Democrats Offer Unified Budget Plan, GOP Objects to Taxes
More than a month into the state’s new fiscal year, Assembly and Senate Democrats unveiled a joint budget proposal that includes tax increases, causing republican lawmakers and GOP Gov. Arnold Schwarzenegger to pronounce it dead on arrival.
The plan would close a $17.9 billion budget gap largely through $8.4 billion in spending reductions, $4.1 billion in federal funds and $2.4 billion in net tax increases. Democrats would reduce state funding for public schools by $3.4 billion less than proposed by Schwarzenegger.
“(This plan) reflects the core values of Californians and makes decisions that will help, rather than hurt our economy,” Assembly Speaker John Perez, a Los Angeles Democrat, said in a statement.
“It keeps 430,000 teachers, cops, firefighters and small business owners working and will help small businesses create more jobs,” Perez said. “It restores cuts the governor’s budget made to education, closes costly loopholes and doesn’t impose broad-based taxes on Californians.”
Republicans, some of whose votes are needed to reach the two-thirds majority needed for budget passage, said the tax increases in the plan doom it.
“The Democrats’ budget plan doesn’t create jobs, doesn’t reform pensions, and doesn’t significantly reduce spending. Instead it relies on billions in income, car, gas, and business tax hikes in order to keep growing government,” said Senate Republican Leader Dennis Hollingsworth of Murietta. “We need to reduce spending so that we can balance the budget without raising taxes.”
The tax increases Republicans object to are primarily increases in state taxes that can be deducted from federal taxes such as state income tax and vehicle license fees.
Chief among the increases is a 1 percent increase for every income tax bracket except the top, which currently is 9.55 percent. A .25 percent surcharge imposed by the February 2009 budget, set to expire next year, would also be continued. Some $8.7 billion in additional income tax revenue would be raised during the current fiscal year by doing so.
Raising the lower brackets by 1 percent “would flatten the tax structure and, on the margin, would reduce personal income tax volatility by shifting reliance away from the top income tax bracket,” Democrats assert.
Vehicle license fees, basically a property tax on cars and trucks, would increase from 1.15 percent to 1.65 percent. Under the February 2009 budget, license fees are scheduled to fall to .65 percent in 2011.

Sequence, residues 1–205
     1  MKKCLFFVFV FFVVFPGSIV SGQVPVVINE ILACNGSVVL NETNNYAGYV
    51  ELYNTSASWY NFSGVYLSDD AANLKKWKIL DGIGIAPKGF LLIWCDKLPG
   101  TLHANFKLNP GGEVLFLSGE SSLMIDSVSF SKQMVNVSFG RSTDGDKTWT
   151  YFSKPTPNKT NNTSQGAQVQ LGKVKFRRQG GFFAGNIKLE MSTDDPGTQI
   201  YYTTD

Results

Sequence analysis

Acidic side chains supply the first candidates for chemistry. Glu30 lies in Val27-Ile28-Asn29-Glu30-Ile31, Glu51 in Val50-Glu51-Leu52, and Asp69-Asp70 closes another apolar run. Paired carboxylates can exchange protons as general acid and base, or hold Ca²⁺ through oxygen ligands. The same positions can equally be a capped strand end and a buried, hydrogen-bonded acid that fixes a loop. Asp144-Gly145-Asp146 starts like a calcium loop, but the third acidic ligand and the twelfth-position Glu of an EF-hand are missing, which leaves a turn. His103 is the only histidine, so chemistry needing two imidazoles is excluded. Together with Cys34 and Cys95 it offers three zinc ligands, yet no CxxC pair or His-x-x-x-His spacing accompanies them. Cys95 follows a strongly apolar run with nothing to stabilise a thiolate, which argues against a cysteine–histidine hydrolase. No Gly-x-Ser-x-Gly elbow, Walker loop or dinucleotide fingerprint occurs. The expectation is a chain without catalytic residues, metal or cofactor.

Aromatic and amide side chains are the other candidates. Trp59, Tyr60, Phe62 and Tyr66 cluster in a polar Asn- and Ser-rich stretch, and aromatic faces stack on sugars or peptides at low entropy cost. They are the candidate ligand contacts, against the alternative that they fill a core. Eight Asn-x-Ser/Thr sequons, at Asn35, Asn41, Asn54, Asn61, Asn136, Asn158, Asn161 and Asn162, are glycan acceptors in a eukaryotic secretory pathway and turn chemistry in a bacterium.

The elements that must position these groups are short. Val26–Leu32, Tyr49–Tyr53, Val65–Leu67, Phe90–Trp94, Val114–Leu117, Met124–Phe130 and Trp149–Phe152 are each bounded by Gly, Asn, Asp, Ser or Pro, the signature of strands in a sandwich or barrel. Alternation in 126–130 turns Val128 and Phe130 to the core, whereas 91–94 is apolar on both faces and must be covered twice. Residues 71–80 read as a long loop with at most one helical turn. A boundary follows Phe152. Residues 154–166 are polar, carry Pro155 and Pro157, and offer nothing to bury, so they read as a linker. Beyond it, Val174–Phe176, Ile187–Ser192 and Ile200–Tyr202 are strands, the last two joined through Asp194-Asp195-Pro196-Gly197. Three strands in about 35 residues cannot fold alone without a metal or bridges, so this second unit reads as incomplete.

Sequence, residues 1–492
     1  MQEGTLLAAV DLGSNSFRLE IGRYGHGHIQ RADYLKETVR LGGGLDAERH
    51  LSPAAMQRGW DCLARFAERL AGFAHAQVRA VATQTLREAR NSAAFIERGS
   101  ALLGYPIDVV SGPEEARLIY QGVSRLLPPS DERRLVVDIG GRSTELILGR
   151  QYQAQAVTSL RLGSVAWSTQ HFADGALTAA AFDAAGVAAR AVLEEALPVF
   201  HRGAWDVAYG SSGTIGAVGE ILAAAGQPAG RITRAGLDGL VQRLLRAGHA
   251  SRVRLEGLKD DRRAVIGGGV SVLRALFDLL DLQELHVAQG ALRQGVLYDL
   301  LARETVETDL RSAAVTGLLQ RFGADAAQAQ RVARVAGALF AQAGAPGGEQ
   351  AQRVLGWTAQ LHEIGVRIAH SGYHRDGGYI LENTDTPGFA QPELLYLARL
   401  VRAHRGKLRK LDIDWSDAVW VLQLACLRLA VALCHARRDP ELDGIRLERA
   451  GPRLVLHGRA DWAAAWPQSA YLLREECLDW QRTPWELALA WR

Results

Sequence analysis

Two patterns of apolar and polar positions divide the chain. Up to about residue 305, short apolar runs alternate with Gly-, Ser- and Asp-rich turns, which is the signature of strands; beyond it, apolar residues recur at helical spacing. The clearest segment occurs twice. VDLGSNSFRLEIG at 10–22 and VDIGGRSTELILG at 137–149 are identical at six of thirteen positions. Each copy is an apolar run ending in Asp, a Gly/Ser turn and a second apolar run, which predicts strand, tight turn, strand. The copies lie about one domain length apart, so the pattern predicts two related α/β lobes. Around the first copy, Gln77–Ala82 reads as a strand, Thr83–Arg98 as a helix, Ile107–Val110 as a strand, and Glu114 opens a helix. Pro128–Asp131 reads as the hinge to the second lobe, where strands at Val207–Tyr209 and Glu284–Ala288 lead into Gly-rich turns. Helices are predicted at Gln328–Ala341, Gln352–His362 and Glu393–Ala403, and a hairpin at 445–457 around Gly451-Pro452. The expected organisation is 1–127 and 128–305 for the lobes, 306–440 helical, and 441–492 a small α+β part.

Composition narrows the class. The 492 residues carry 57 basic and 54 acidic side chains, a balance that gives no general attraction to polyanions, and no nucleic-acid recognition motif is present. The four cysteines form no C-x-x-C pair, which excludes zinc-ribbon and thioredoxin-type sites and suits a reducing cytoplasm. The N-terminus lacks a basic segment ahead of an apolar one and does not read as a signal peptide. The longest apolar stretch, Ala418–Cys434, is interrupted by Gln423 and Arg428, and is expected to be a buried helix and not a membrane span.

Like state income taxes, license fees are deductible on federal taxes.
The tax increases allow Democrats to reject Schwarzenegger’s proposal to eliminate some $1 billion in state funding for welfare – a move that would cost the state $4.1 billion in federal funds – and $3.4 billion in proposed reductions to public school funding.
Sales tax, the state’s most regressive levy – billionaires pay the same rate as a family earning $40,000 a year – would be reduced by 2.5 percent over two years, 1.75 percent in the current year. That would drop the state share of sales tax from 6 percent to 4.25 percent and 3.5 percent the following year.
The proposal wouldn’t affect local surcharges such as the half-cent levies for transportation projects.
California has the highest sales tax rate in the country.
“The proposal would swap out taxes that are not deductible — sales tax — for taxes that are deductible when determining federal income tax owed. An average taxpayer in each tax bracket could see a tax cut that ranges from $10 to over $1,000 depending on their tax bracket and the percentage of their household budget spent on taxable goods.”
Democrats would also impose an oil severance tax that would generate $600 million in the budget year and twice that the following year.
The California Chamber of Commerce expressed opposition to the idea:
“Imposing a new tax on California oil will make ours the highest taxed oil in the country, leading to job loss in those communities that produce oil in our state and higher gasoline prices for all Californians,” said Allan Zaremberg, the chamber president. “These proposals would clearly put California at a competitive disadvantage and kill jobs.”
Two tax breaks for businesses, including one that changes how companies doing business in multiple states calculate their California taxes, would be postponed for two years, saving an estimated $2.1 billion.
The plan also closes part of the budget hole by using estimates by the Legislative Analyst, which show state revenues $1.4 billion higher than those of the GOP governor.
Filed under: Budget and Economy
- Capitol Cliches (16)
- Conversational Currency (3)
- Great Moments in Capitol History (4)
- News (1,287)
- Opinionation (36)
- Overheard (246)
- Today's Latin Lesson (45)
- Restaurant Raconteur (21)
- Spotlight (110)
- Trip to Tokyo (8)
- Venting (184)
- Warren Buffett (43)
- Welcome (1)
- Words That Aren't Heard in Committee Enough (11)